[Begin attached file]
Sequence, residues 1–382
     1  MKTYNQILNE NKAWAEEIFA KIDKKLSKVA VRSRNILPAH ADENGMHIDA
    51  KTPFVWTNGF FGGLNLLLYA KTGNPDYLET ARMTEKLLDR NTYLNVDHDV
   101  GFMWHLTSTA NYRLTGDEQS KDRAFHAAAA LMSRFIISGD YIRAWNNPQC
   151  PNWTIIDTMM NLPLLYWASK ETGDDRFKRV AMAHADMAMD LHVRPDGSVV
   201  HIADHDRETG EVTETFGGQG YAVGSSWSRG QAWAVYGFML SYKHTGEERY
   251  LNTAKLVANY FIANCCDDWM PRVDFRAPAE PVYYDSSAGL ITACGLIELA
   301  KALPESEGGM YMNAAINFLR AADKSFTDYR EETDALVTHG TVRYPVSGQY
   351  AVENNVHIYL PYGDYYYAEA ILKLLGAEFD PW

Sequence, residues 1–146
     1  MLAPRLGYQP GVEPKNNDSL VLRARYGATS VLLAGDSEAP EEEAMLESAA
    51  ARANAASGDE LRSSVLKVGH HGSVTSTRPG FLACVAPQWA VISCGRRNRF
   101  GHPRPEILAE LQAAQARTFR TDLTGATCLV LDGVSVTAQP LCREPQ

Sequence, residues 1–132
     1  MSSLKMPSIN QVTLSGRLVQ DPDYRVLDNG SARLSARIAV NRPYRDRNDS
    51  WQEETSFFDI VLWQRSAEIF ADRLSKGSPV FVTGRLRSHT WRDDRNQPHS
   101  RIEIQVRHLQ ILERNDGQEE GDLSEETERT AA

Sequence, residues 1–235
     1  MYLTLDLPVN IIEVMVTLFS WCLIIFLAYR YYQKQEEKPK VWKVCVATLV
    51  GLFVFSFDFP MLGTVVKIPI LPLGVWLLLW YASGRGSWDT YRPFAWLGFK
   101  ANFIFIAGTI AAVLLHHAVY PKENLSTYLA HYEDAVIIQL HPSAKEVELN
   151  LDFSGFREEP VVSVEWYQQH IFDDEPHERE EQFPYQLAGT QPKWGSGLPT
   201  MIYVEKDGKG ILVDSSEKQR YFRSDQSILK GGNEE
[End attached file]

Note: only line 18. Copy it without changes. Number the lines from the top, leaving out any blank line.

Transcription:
Sequence, residues 1–235